October 17th, 2018

A sign of changes coming in Iraq?


By Lethbridge Herald Opinon on October 7, 2018.

Fifteen years after George W. Bush invaded Iraq to destroy Saddam Hussein’s imaginary “weapons of mass destruction,” what have the Iraqis got to show for it? There was a great deal of death and destruction (around a half million Iraqis have died violently since 2003), but they do now have a democratically elected government. Sort of.

Iraqis voted in their fourth free election last April – or rather, fewer than half of them bothered to vote at all, so pessimistic were they about the notion that voting can change anything. And after the election, the politicians seemed to be living down to their expectations.

Almost six months later, the many political parties were still bickering over which of them would be in the government, which would give them access to the huge amounts of money that are available to government ministers in one of the world’s most corrupt countries. It looked like business as usual, despite bloody riots in the south (where most of the oil is) over chronic shortages of water, electricity, and jobs.

But on Tuesday the Iraqi parliament elected a prominent Kurdish politician, Barham Saleh, to the largely ceremonial office of president. The president then has 15 days to nominate the new prime minister (who really runs the government), but Barham Saleh did it within hours. The new prime minister will be Adel Abdul Mahdi – which may be a signal of big changes coming.

Abdul Mahdi is not himself a revolutionary figure. He is a former finance and oil minister who, like Barham Saleh, has been a familiar fixture in Iraqi politics ever since the invasion. (A stock Iraqi joke claims that the country has the most environmental government in the world, since it constantly recycles its old politicians.)

But Abdul Mahdi is the figurehead of a coalition in which a revolutionary outsider, Muqtada al-Sadr, will be the dominant influence. Sadr’s party astonished everybody by winning the largest number of seats in the May election, drawing its support mainly from working-class Shias in Baghdad and the south, but his non-sectarian stance also drew votes from the marginalized Sunni minority of Iraqi Arabs.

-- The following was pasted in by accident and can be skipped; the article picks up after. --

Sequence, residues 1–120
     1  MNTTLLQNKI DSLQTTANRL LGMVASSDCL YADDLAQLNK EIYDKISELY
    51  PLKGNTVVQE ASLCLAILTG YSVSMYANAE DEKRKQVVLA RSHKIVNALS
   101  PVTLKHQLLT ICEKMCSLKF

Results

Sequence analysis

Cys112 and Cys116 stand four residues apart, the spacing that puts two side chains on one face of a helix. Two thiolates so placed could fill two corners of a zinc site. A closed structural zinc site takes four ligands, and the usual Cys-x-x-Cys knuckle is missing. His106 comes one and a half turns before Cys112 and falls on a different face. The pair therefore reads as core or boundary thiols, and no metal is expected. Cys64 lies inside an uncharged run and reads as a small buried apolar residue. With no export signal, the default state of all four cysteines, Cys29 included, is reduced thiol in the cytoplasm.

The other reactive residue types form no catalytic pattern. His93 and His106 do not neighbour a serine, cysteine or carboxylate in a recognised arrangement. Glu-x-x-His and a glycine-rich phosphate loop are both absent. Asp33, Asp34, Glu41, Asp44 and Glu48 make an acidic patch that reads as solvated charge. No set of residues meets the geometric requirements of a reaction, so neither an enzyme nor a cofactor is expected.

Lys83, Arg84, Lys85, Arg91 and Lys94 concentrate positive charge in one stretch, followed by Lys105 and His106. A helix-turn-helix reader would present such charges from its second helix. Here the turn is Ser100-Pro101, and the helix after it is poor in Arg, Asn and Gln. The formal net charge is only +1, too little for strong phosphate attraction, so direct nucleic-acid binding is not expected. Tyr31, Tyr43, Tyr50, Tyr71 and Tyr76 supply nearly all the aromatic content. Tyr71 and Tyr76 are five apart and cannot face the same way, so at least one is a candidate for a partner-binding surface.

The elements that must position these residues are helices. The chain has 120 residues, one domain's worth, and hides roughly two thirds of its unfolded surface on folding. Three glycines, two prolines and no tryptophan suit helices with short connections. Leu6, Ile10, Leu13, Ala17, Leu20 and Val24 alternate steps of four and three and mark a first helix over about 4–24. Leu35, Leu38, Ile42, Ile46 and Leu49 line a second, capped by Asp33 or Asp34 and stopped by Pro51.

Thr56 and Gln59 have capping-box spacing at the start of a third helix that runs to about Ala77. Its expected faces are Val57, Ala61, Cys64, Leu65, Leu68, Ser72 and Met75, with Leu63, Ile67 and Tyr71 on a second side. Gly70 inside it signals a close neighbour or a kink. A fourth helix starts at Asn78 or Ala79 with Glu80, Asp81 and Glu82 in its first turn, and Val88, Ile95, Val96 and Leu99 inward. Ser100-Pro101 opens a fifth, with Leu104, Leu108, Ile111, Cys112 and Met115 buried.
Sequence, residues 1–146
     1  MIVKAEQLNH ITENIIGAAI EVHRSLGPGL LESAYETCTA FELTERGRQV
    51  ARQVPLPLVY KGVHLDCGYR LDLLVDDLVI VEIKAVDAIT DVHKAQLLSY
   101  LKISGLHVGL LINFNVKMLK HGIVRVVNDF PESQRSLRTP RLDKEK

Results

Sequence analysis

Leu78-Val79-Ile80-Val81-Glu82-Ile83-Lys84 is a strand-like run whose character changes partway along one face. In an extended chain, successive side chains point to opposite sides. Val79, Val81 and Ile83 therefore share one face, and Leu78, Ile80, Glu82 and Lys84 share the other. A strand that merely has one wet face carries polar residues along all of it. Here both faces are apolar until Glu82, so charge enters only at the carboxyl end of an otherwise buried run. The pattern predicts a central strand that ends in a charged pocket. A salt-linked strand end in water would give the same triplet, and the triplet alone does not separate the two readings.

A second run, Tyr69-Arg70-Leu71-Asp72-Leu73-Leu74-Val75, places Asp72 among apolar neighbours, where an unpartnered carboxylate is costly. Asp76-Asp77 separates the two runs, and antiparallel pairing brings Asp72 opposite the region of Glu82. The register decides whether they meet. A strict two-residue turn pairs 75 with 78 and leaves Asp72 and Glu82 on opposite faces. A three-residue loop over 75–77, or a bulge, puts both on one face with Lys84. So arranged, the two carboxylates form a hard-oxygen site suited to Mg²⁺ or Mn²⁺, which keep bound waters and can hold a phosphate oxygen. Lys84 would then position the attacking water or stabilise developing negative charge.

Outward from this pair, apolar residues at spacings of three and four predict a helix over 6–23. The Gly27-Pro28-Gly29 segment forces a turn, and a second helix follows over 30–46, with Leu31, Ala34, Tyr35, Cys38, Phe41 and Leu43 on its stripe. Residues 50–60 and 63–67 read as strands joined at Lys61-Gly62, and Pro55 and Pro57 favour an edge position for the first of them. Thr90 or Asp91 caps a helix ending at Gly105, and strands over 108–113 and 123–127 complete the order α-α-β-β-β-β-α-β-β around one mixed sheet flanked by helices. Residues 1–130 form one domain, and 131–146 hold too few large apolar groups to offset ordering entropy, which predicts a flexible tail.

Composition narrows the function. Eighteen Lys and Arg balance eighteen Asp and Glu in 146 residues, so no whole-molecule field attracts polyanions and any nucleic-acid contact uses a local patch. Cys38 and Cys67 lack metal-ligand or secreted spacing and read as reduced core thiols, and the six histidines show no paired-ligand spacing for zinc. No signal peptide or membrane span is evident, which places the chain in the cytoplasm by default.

Sadr’s sympathy for the Sunni Arabs’ plight is unusual among Iraqi Shia politicians, and all the more remarkable because he is a Shia cleric whose father and uncle were both grand ayatollahs murdered by Saddam Hussein’s Sunni-dominated regime. If any man can bridge the gulf that has opened up between Sunni and Shia Arabs in Iraq, he is that man.

His party has been among the least corrupt on the Iraqi political scene, and he is a nationalist who is equally opposed to American and Iranian meddling in Iraqi politics. He has disbanded his own party’s militia and urges others to do the same, and he promised to appoint non-political technocrats instead of usual party stalwarts if his party won power.

That promise will be hard to keep, since the extreme fragmentation of Iraqi politics means all governments must be broad coalitions. The coalition Sadr leads (although he will not personally seek office) includes the Iraqi Communist party, which more or less shares his goals, and the group led by former prime minister Nouri al-Maliki, which emphatically does not.

Maliki, in power from 2006 to 2014, proved himself to be viciously anti-Sunni, largely subservient to Iranian interests – and, of course, monumentally corrupt. It will be very difficult to hold this coalition together, let alone to carry out Sadr’s programme of sectarian reconciliation and government by technocrats.

Corruption in Iraq is a system, not a series of individual crimes, and the beneficiaries of the system will fight tooth and nail to preserve it. The parties use it not only to finance their own activities and reward their own members, but to build a large support base through bribery, mostly in the form of jobs.

There are 37 million people in Iraq. In most other countries, a population of that size would require around 600,000-700,000 employees to provide all the normal functions of a central government.

The Iraqi government employs 4.5 million people to do the same jobs very badly or not at all. Many of them rarely even show up at work, but they and their families all vote for the right party at election-time. And since they are on the take themselves, they don’t protest when the senior politicians in their party steal millions (or in some cases billions) from public funds.

This pattern is almost standard in countries whose income, like Iraq’s, comes largely from exporting a single natural resource (oil, in this case), but Iraq is exceptional in the brazen incompetence of the political class and the utter neglect of those outside the magic circle.

This system was tolerated during the fifteen years of war because people’s first priority was survival. Now that the fighting has died down, people are starting to protest, and Muqtada al-Sadr has become the repository of their hopes. He will have a hard time living up to them.

Gwynne Dyer’s new book is “Growing Pains: The Future of Democracy (and Work).”

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